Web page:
Magnificent Feather Duster or Coco Worm
This large serpulid feather-duster has a hard, calcareous tube that can reach about 1 cm in diameter. One characteristic of worms in the genus Protula is that, unlike most serpulids, they lack an operculum to close the tube. The “feathers” form a double spiral, which can vary from almost pure white to almost cherry red. It does not burrow into coral heads, rather it secretes its tube on them. It has been reported to commonly be found between two live coral heads. This tube worm is commonly seen for sale in the hobby, but like most feather dusters, it requires a lot of very fine particulate material suspended in the water to feed upon, hence it has poor survival in many reef tanks, the water is too clean.

Marine worms worth knowing—A survey of the Good, the Bad, and the Beautiful

images by Denise Nielsen Tackett and Larry P. Tackett 
CORAL staff report with Dr. Ronald L. Shimek

The full article appears in the November/December 2020 issue of CORAL Magazine, VERMES.
The full article appears in the November/December 2020 issue of CORAL Magazine, VERMES.

A partial excerpt from the November/December 2020 issue of CORAL Magazine. Subscribers can log in to read the entire article in the digital edition.

The earliest taxonomists, Carl Linneaus and Jean-Baptiste Lamarck, called them Vermes, and we continue to use the term “worms” today for more-or-less soft-bodied animals that lack limbs and have an elongate, slithering, crawling, or burrowing body. Bait fishermen and robins may love a juicy nightcrawler, but “worm” is a term with many negative associations—the most wretched of human beings and the most malicious of software viruses are called worms.

Vermes is now obsolete as a formal classification, but the label “worms” is commonly used by taxonomists as a vernacular, descriptive name. A vermiform body can be considered the default body form for virtually all animals, particularly given the various wormy larvae, such as the amphiblastula and planula found in sponges and cnidarians, respectively. Using “worm” as a valid descriptive term is illustrated in the accompanying chart and portfolio of images.

Just how many species of worms are there in the seas? An anonymous author of an ambitious survey of Animal Phyla for Wikipedia threw up his or her hands and said, perhaps with a gasp, “Total numbers are estimates; figures from different authors vary wildly, not least because some are based on described species, and some are based on extrapolations to numbers of undescribed species. For instance, around 25,000 to 27,000 species of nematodes have been described, while published estimates of the total number of nematode species include 10,000 to 20,000; 500,000; 10 million; and 100 million.”

For the aquarist, there is one truth: If you have a functioning, reasonably healthy marine aquarium, you have worms. Some we welcome and marvel at: the various feather dusters and Christmas Tree worms. Others may be intentionally introduced as “clean-up crew”—the prime example being so-called Spaghetti Worms. Others are uninvited guests that arrive on rock, sand, corals, clam shells, and even via fishes.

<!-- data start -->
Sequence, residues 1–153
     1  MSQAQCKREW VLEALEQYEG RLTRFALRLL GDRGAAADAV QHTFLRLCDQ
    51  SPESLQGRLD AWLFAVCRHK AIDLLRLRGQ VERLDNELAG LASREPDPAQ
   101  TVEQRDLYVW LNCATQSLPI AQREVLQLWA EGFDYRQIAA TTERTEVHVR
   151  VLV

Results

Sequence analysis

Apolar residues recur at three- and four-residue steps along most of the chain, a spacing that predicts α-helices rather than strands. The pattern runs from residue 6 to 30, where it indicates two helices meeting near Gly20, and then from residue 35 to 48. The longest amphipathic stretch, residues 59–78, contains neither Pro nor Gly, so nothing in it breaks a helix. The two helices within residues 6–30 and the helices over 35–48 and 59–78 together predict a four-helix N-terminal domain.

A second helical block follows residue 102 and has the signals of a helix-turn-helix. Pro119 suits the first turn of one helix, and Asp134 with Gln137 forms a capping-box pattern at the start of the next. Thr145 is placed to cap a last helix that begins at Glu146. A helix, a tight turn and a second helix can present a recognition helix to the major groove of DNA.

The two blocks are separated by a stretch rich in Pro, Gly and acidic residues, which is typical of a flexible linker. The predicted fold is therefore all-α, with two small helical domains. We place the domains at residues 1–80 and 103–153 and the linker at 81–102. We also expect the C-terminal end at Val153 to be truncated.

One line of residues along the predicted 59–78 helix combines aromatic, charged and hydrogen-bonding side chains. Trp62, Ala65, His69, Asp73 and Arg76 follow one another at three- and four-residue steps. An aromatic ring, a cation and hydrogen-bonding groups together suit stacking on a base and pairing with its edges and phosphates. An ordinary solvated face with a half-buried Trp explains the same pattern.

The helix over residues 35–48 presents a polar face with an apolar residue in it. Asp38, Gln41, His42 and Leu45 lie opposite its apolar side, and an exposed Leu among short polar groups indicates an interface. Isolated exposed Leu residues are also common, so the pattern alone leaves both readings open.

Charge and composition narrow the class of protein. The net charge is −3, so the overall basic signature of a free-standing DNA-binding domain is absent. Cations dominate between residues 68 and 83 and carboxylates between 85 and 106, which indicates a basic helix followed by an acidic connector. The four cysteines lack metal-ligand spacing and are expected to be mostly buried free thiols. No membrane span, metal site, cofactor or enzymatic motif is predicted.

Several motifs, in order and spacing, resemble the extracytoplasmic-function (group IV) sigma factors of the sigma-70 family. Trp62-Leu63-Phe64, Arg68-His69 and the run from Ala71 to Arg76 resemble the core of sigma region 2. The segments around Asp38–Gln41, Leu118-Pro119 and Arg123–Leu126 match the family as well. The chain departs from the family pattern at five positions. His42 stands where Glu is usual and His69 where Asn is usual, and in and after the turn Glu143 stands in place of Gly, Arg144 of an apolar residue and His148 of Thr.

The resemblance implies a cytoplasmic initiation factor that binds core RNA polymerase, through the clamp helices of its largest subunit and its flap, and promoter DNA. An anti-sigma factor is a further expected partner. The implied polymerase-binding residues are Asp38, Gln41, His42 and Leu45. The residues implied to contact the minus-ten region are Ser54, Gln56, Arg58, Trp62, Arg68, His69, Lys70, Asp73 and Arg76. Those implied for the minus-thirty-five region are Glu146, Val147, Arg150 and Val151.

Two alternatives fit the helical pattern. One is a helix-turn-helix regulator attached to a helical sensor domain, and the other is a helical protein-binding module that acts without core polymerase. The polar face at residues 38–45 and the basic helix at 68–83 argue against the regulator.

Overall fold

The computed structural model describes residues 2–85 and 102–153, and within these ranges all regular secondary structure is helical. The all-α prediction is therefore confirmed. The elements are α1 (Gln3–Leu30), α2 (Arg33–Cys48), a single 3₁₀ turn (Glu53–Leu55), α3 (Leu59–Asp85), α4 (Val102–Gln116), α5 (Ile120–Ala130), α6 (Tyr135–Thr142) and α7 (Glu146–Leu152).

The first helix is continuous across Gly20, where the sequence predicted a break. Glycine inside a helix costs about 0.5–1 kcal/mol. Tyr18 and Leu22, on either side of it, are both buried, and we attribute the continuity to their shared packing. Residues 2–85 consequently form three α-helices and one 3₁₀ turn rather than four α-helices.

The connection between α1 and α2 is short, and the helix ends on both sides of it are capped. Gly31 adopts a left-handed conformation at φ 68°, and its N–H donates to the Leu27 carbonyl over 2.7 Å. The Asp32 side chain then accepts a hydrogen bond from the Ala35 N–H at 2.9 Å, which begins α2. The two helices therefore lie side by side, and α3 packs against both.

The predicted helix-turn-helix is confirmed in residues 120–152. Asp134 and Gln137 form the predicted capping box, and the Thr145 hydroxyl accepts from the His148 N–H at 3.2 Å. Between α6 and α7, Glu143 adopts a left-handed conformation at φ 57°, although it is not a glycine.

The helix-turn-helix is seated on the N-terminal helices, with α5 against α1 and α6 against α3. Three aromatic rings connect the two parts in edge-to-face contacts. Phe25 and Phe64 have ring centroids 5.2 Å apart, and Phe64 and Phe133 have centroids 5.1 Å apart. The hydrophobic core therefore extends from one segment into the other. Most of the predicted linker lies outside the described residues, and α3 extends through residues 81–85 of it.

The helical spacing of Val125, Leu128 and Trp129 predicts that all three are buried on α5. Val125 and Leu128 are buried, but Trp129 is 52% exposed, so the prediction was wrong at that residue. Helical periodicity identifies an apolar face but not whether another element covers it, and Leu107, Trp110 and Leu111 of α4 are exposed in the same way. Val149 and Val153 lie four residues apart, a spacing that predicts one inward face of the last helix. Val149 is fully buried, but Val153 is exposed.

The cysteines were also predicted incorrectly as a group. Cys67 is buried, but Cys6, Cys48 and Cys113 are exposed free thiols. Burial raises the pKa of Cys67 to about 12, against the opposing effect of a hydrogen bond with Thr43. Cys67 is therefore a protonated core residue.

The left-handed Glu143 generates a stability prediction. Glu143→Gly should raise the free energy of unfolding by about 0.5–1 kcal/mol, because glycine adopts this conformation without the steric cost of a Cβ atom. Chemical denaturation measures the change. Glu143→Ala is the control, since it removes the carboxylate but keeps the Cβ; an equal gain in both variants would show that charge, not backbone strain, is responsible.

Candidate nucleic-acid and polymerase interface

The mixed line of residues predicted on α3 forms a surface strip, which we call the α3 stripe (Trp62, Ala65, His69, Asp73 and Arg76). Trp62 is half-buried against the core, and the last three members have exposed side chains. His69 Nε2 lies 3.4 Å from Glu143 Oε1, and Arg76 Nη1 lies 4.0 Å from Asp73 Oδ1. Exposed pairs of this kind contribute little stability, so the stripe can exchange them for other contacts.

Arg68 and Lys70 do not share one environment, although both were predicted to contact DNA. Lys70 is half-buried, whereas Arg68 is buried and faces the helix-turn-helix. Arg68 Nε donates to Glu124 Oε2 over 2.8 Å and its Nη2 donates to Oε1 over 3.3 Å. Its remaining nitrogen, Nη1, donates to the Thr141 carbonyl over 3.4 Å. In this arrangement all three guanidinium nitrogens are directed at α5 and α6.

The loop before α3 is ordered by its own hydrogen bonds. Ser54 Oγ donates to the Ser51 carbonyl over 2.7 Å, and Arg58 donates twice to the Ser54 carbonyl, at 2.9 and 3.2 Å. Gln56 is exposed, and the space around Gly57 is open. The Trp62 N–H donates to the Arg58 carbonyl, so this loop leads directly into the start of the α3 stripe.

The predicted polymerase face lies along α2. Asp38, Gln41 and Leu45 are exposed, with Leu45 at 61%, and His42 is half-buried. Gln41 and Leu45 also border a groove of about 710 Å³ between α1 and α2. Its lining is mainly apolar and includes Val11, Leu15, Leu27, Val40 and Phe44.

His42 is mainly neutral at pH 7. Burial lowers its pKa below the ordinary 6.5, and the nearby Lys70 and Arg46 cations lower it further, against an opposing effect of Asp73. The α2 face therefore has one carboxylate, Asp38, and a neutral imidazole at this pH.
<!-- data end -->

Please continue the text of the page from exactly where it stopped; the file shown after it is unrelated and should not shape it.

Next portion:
To repeat: you are a wormkeeper, like it or not (probably for more worms than you ever imagined). If nature abhors a vacuum, she positively gushes about worms! The many different animals we call worms love a warm, nutrient-rich environment with countless hiding places and surfaces to colonize. While some of these can be troublesome (see Reef Flatworms, page 48), the vast majority are detritivores and are generally beneficial and harmless members of a micro-biotope. Many, in fact, provide live feeding opportunities for reef fishes and motile invertebrates.


Worm-like animals are found in many different animal phyla. Those listed here have some or all species found in marine and brackish environments. These groups account for an estimated 75,000 known different worm-type animals by some counts. (Other taxonomists believe the actual number, including yet-to-be-discovered species, may be in the millions or hundreds of millions.) Many appear in marine aquaria, often arriving as hitchhikers or accidental introductions. A few can present problems, but most are harmless or beneficial and the sign of a healthy captive biotope.

Segmented worms, earthworms, marine polychaetes (bristle worms, fireworms, featherduster worms, spaghetti worms, cirratulid worms), tongue worms, bobbit worms
17,000+ species

Arrow worms
(predatory marine worms)
100 species

Goblet Worms
150 species

Gastrotrich Worms
690 species

Jaw Worms
100 species

25,000 species

Nemertean Worms
Ribbon, proboscis,
bootlace worms
1,200 species

Horseshoe Worms/Phoronids
11 species

Cestodes, tapeworms
29,500 species

Priapulid Worms
Penis worms
20 species

Peanut Worms
Est. 144–320 species

Acoels (Aceol Flatworms) Xenoturbellids
400+ species

Read More

Read the full article in the November/December 2020 issue of CORAL Magazine, including numerous examples of the “VERMES” one might encounter in their home reef aquaria. All subscribers can log in to the digital edition to read now!


Shimek, Ronald L. (2004). A PocketExpert Guide: Marine Invertebrates. pp: 204-226. Microcosm/TFH.

Wikipedia: Phylum – Animals

Additional Online Reading

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